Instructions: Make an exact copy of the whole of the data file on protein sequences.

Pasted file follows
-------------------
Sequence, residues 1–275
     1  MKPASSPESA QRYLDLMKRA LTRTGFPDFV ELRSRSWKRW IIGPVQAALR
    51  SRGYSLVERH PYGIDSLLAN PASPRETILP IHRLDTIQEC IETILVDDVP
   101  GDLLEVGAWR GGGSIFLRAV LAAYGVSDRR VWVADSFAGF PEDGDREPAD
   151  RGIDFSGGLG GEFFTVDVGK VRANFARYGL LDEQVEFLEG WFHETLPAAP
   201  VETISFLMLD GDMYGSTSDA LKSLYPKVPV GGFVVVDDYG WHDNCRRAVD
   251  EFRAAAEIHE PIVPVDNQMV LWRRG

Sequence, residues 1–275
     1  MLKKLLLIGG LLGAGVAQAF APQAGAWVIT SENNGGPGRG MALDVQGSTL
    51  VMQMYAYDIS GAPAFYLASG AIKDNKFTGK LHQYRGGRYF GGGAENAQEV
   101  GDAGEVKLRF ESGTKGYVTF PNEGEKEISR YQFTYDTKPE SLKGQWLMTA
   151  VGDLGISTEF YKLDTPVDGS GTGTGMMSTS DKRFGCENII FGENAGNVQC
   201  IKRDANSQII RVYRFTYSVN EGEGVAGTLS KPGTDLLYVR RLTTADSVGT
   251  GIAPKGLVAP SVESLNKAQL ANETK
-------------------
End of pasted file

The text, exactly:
Sequence, residues 1–275
     1  MKPASSPESA QRYLDLMKRA LTRTGFPDFV ELRSRSWKRW IIGPVQAALR
    51  SRGYSLVERH PYGIDSLLAN PASPRETILP IHRLDTIQEC IETILVDDVP
   101  GDLLEVGAWR GGGSIFLRAV LAAYGVSDRR VWVADSFAGF PEDGDREPAD
   151  RGIDFSGGLG GEFFTVDVGK VRANFARYGL LDEQVEFLEG WFHETLPAAP
   201  VETISFLMLD GDMYGSTSDA LKSLYPKVPV GGFVVVDDYG WHDNCRRAVD
   251  EFRAAAEIHE PIVPVDNQMV LWRRG

Sequence, residues 1–275
     1  MLKKLLLIGG LLGAGVAQAF APQAGAWVIT SENNGGPGRG MALDVQGSTL
    51  VMQMYAYDIS GAPAFYLASG AIKDNKFTGK LHQYRGGRYF GGGAENAQEV
   101  GDAGEVKLRF ESGTKGYVTF PNEGEKEISR YQFTYDTKPE SLKGQWLMTA
   151  VGDLGISTEF YKLDTPVDGS GTGTGMMSTS DKRFGCENII FGENAGNVQC
   201  IKRDANSQII RVYRFTYSVN EGEGVAGTLS KPGTDLLYVR RLTTADSVGT
   251  GIAPKGLVAP SVESLNKAQL ANETK